Asking most alpaca farmers in North America if alpacas are used for meat is like asking someone the same question about their grandchild. It's frowned upon. Here's Greg looking at his first alpacas and yes, he did ask that question.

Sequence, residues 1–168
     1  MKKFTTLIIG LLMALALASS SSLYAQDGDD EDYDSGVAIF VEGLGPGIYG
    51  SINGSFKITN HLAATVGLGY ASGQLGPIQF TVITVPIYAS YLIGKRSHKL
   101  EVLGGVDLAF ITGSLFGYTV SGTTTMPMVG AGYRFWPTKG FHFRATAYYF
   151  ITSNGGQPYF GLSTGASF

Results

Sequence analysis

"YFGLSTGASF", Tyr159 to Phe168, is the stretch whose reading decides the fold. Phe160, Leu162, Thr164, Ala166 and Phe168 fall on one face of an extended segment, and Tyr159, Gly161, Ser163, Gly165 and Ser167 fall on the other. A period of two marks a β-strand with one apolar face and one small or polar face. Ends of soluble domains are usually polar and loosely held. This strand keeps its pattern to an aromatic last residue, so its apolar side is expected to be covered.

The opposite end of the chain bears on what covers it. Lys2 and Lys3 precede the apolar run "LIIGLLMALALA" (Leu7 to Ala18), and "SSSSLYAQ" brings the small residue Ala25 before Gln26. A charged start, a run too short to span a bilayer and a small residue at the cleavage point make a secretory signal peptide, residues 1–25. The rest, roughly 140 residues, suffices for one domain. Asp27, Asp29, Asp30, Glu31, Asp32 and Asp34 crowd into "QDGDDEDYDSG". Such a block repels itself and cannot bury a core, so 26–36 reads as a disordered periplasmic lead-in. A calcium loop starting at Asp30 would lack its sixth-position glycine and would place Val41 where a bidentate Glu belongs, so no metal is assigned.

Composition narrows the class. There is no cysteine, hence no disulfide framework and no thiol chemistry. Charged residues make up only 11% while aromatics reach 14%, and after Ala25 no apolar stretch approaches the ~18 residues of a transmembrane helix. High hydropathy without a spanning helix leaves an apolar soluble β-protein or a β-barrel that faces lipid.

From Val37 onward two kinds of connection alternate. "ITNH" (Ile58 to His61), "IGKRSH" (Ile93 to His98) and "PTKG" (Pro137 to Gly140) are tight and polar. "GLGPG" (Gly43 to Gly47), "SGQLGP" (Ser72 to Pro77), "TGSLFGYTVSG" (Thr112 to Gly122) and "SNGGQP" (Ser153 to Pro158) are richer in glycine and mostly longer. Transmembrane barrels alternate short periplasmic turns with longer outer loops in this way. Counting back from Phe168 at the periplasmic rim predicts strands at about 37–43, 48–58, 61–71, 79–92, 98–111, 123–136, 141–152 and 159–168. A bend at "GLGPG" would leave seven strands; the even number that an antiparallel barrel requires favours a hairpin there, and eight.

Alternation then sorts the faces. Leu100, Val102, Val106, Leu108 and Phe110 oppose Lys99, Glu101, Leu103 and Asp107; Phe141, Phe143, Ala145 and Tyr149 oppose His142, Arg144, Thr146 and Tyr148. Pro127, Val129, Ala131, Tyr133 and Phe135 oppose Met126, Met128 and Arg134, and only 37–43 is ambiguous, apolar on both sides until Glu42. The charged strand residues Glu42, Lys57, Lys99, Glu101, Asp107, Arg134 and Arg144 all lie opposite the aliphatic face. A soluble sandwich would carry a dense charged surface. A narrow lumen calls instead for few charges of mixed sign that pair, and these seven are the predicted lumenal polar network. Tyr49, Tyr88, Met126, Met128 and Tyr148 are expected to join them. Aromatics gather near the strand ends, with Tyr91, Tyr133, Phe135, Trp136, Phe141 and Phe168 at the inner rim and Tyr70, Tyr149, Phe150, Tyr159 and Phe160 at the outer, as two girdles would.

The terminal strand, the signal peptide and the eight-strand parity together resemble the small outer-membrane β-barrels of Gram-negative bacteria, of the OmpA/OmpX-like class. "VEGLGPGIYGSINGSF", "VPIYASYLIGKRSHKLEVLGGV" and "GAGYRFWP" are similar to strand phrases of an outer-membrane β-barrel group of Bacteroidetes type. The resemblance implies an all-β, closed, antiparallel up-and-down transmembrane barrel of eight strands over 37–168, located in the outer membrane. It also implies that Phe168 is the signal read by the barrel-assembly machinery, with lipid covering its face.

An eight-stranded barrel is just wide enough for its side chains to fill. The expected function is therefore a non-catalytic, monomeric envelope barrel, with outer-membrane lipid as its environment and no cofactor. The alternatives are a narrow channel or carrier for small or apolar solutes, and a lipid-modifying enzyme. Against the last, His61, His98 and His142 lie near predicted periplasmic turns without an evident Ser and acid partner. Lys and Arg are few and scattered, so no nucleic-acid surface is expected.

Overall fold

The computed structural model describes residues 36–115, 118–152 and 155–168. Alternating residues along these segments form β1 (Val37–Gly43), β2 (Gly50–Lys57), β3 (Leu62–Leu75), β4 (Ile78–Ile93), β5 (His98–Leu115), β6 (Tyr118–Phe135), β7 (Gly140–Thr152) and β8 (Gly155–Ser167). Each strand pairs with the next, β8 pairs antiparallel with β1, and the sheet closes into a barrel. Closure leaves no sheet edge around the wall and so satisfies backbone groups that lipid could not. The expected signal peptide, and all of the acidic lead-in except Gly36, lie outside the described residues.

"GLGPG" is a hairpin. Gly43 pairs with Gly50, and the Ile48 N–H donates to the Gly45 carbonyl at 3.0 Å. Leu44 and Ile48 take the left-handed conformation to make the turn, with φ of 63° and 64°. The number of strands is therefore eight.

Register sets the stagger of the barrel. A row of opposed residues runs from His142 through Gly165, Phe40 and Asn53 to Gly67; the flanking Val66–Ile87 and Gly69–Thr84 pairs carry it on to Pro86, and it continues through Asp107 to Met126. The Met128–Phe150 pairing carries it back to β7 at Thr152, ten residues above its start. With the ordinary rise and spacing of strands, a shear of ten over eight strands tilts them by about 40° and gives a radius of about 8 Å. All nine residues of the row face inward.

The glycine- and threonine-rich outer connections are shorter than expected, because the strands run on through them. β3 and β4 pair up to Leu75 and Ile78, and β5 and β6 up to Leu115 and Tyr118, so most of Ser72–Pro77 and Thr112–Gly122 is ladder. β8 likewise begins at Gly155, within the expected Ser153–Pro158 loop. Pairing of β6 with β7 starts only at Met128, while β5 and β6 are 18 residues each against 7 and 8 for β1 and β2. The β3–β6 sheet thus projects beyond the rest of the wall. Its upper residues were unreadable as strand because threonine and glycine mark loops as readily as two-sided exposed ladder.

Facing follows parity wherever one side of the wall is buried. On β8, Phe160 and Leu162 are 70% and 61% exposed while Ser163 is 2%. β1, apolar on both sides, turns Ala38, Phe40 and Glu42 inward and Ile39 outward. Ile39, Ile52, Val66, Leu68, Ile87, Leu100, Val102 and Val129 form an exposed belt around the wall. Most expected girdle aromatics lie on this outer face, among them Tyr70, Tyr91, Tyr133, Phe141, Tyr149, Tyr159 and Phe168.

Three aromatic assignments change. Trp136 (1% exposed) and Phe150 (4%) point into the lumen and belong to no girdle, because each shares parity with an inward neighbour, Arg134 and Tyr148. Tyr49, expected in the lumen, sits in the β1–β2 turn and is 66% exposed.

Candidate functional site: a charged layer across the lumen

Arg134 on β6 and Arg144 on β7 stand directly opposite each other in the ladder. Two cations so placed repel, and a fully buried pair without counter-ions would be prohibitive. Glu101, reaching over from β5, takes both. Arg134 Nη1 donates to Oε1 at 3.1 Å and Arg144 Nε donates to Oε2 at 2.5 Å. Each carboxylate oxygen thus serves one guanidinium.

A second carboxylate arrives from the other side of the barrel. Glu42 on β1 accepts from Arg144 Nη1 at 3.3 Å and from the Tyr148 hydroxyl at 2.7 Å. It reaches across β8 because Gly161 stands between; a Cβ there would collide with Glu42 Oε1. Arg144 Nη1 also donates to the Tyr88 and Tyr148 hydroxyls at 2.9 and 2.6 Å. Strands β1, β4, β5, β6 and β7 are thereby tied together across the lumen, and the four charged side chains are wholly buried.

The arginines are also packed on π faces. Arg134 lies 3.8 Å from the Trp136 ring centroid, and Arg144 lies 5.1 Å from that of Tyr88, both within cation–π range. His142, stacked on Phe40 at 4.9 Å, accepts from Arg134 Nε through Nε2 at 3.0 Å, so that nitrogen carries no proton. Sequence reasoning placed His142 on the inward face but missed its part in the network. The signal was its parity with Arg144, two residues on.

People are usually first attracted to alpacas because they are incredibly cute. They go into the business of alpaca farming for more practical financial reasons, but there is a very high cuteness factor with these critters. Alpacas are indigenous to South America and their fine fleece was once reserved for Incan royalty. Outside of zoos, they did not come to Canada until the early 1990's when it was quickly recognized that these domesticated creatures provide cashmere-like, soft, silky, warm and strong fleece that could be spun, felted, dyed and mixed with other fibres. They are members of the Camelid family (llamas, camels, vicunas, guanacos) and there are two species: the fluffy Huacaya and the elegant Suri. Adult alpacas weigh about 100 to 180 pounds and live 20 to 25 years. They are herd animals and easy to handle. Alpaca Canada's website (http://www.alpacainfo.ca/) is a great source of information about what is being done here with these wonderful animals. Alpacas have even been trained to be therapy/visiting animals for nursing homes, schools, etc. That will be Serena's job.